As of January 1, 2020, the International Maritime Organization (IMO) has mandated a lower cap for sulfur in fuel oil used by oceangoing vessels, including container ships and other vessels engaged in global trade. The intent behind the stricter cap on sulfur is to reduce airborne emissions of sulfur oxides, which harm respiratory health and damage the environment.

In the leadup to the January 1 implementation date, ocean carriers adopted a range of solutions and technologies to comply with the new requirement. These include the use of very low sulfur fuel oil (VLSFO); adoption of compliant fuel alternatives such as LNG, biofuels, marine gasoil (MGO), or methanol; and use of open-loop or closed-loop "scrubbers" (i.e., exhaust gas cleaning systems) to remove sulfur oxides from a ship's engine and boiler emissions. In the United States, the Federal Maritime Commission (FMC) has vowed to monitor the transparency of bunker-adjustment factor formulas used by carriers in implementing the new cap.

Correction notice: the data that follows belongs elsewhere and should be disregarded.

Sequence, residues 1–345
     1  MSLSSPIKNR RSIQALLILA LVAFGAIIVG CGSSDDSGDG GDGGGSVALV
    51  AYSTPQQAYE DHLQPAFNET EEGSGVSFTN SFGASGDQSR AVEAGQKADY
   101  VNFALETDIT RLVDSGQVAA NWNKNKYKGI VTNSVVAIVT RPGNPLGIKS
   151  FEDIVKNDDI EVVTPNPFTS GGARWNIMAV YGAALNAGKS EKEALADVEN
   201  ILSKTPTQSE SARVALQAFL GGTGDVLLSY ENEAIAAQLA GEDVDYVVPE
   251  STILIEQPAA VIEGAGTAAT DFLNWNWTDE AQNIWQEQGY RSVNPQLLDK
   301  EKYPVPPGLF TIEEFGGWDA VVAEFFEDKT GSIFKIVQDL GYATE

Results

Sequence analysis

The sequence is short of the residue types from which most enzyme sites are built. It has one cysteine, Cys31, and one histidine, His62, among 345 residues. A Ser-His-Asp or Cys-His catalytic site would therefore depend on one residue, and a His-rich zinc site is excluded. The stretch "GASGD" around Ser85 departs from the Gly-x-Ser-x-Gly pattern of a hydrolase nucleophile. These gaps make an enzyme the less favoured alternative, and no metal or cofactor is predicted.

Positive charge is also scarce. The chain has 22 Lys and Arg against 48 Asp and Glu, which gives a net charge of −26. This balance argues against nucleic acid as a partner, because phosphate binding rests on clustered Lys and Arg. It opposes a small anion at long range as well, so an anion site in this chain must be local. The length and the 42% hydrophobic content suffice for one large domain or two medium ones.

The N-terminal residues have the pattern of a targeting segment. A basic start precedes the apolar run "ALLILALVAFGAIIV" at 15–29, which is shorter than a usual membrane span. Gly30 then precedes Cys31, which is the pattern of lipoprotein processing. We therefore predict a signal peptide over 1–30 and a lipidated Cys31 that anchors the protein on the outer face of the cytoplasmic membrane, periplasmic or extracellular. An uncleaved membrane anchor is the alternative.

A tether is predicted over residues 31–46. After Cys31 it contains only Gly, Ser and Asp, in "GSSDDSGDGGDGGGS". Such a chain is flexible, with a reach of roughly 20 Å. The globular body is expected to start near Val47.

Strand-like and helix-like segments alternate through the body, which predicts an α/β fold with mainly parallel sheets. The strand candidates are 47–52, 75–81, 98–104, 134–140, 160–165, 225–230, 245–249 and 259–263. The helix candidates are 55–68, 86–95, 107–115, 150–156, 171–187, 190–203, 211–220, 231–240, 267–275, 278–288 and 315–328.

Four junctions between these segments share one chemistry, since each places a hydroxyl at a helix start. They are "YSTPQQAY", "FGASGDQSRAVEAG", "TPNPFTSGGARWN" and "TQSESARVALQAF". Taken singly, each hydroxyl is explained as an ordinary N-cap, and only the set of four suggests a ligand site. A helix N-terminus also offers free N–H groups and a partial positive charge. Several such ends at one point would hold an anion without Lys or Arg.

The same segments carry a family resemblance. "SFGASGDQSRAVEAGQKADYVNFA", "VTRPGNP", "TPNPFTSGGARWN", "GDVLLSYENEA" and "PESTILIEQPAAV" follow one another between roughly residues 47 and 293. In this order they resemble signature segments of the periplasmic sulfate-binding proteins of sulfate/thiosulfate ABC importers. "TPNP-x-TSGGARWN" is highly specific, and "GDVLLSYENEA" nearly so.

The specific consequences of IMO 2020 are still very much in the air for carriers and shippers alike, and it will likely take at least a few months for the new transportation landscape to come into focus. Whether sufficient amounts of compliant fuel will be available at main bunkering ports, for example, remains an open question. In the meantime, it is not too late for companies to create a game plan for the best approach to this "new normal" for bunker fuel – and related costs.

IMO 2020 is one of the most high-profile regulatory changes in current headlines that the shipping and maritime industry should be monitoring in the new year.